Determining the date of Christmas

For many centuries, western Christians have celebrated the birth of Jesus Christ on December 25, while those of the Eastern Orthodox faiths have celebrated it a week later. How did experts determine the date? Andrew McGowan of Biblical Archaeology Review has some answers.

Scholars have long debated the actual date of Christ's birth, but most agree that it wouldn't have been December 25. Most also agree that the current date was chosen to parallel Pagan celebrations such as Saturnalia.

In the article, McGowan writes:

The earliest mention of December 25 as Jesus’ birthday comes from a mid-fourth-century Roman almanac that lists the death dates of various Christian bishops and martyrs. The first date listed, December 25, is marked: natus Christus in Betleem Judeae: “Christ was born in Bethlehem of Judea.” In about 400 C.E., Augustine of Hippo mentions a local dissident Christian group, the Donatists, who apparently kept Christmas festivals on December 25, but refused to celebrate the Epiphany on January 6, regarding it as an innovation. Since the Donatist group only emerged during the persecution under Diocletian in 312 C.E. and then remained stubbornly attached to the practices of that moment in time, they seem to represent an older North African Christian tradition.

The real dates of the birth of Jesus the Messiah

The true birth date of the Messiah of Israel more commonly known as Jesus Christ is dificult to pinpoint precicely.  The reasons for this is because of the changes in calenders over the years and the use of the Jewish calendar in use at the time. 

It can be quickly determined that the date could not have been on or near December 25.  First it mentions Shepherds keeping watch over their flocks by night.  To any one that is truly familiar with the Holy Land it would be immediately apparent that this would have been impossible this late into the cold season.  Shepherds did not take their flocks out by night in the cold.  They kept them in where it was warm.  Second those fields are on the sides of hills.  At night those areas become icy, and the sheep would be sliding down them, instead of eating grass, making the activity pointless.  The second thing that would have made it difficult to have been in this cold part of the year is the fact of the Census called by Cesar Agustus for taxing purposes.  It would have been at a time of year condusive to travel.  To many people would have died on the trip to their hometowns.  The government would have known not to have people move then, or they would be losing tax revenue.

There are many clues as to when it would have actually occured.  To pursue this we must go back to the conseption of John the Immerser.  His father Zacheriah was in the temple with his duties during the Passover.  This is the only time that he would have been there for as long as he was.  The duties of the Levites and Priests were broken down by groups.  Each group had a two week period during the year when they served in the Temple in Jerusalem.  There were several weeks that were not covered and this was during the period of Passover during that time all the Levites and Priests were on duty because that was the time of the yearly sacrifice when all of Israel brought in those sacrifices.  He was told by the angel that he was to have a son.  When he left the Temple at the end of his service he went home and a son was concieved.  This was just at the end of passover.  The Bible states that Elizabeth went into seclusion for 6 months.  At the end of that time just after Jesus was concieved, Mary went to Elizabeths house.  This would have put it around the time of Hannukah that Jesus had been concieved.  Hannukah falls sometime between when the United States celebrates Thanksgiving, and when Christmas is celebrated.  Because of the diffrence in the calendars it is diffrent every year.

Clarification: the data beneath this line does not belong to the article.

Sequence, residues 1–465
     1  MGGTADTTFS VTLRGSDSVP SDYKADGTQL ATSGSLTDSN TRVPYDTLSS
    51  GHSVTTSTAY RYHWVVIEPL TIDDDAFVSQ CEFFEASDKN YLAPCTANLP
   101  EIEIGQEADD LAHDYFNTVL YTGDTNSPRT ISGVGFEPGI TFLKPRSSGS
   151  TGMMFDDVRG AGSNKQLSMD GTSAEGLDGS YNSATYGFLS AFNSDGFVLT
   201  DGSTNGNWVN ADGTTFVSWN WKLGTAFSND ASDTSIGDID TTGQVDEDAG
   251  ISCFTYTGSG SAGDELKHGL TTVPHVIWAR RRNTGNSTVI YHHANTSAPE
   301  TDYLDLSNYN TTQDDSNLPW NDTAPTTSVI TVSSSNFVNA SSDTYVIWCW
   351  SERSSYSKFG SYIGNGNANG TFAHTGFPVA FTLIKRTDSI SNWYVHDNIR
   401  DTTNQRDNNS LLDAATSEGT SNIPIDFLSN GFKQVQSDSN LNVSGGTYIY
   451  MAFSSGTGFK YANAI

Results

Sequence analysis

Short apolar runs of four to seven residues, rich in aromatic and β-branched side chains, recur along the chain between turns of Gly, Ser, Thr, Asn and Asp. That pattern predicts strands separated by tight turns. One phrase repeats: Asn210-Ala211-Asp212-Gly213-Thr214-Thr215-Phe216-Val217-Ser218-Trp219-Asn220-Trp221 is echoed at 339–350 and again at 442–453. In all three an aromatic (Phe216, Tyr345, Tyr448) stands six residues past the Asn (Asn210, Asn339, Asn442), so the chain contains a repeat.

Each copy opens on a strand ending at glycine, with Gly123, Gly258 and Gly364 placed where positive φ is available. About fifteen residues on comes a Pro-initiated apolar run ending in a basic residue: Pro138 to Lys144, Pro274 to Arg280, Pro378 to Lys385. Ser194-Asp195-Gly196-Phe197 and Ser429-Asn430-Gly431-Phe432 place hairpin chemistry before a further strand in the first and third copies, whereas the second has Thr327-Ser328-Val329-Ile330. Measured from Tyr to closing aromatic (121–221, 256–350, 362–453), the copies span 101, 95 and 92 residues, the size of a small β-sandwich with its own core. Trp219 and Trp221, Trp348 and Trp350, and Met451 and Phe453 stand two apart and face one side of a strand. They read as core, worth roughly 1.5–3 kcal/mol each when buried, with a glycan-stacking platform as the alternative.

This makes the Birth of Jesus occuring 9 months later which is durring the Sukkot, or the Feast of Booths.  Which happens usually early to mid September.  After the harvest and before the cold weather.  The "Stable" that Jesus was born in was not a stable at all.  The word that in English that translate as 'place to keep animals' is stable.  The word that was used in Greek which the New Testament was written in was translatable as either 'place to keep animals' or as 'shed'.  The Hebrew word for the shelter that the Innkeeper lent them was a Sukka.  This is a temporary booth that is only put up for the season of Sukkot.  It is thached with a very loose weave of leafy branches.  This was traditionally so that the Glory of God could shine in.  It was in fact so that the Glory of God could shine out.

So if you are in Israel, and some classically trained tour guide shows you a cave and tells you this is probably where Jesus was born, you can tell them diffrently.

One final parting thought, Christmas is a time to celebrate the Messiah of Israels birth.  Even though the timing is not right, it doesn't matter.  If you wanted to celebrate my birthday in February that would be fine(my birthday is in August) I would still show up.  I don't think that he cares that his birth is celebrated at a diffrent day, just as long as it is being celebrated as his birthday.

Also Worth a Read: From Touchstone Magazine

While Touchstone Magazine is a Christian magazine, some of its content can be scholarly in nature.  The following article, published in the December 2003 issue, is one of those works.  Titled "Calculating Christmas," by William J. Tighe.  I would not suggest the information in this article replace the above information, but add to it.  The URL is http://www.touchstonemag.com/archives/article.php?id=16-10-012-v  I would note, too, that many of the Orthodox churches still use the Julian calendar instead of the Gregorian calendar, which converts as December 25 Julian - January 7 Gregorian.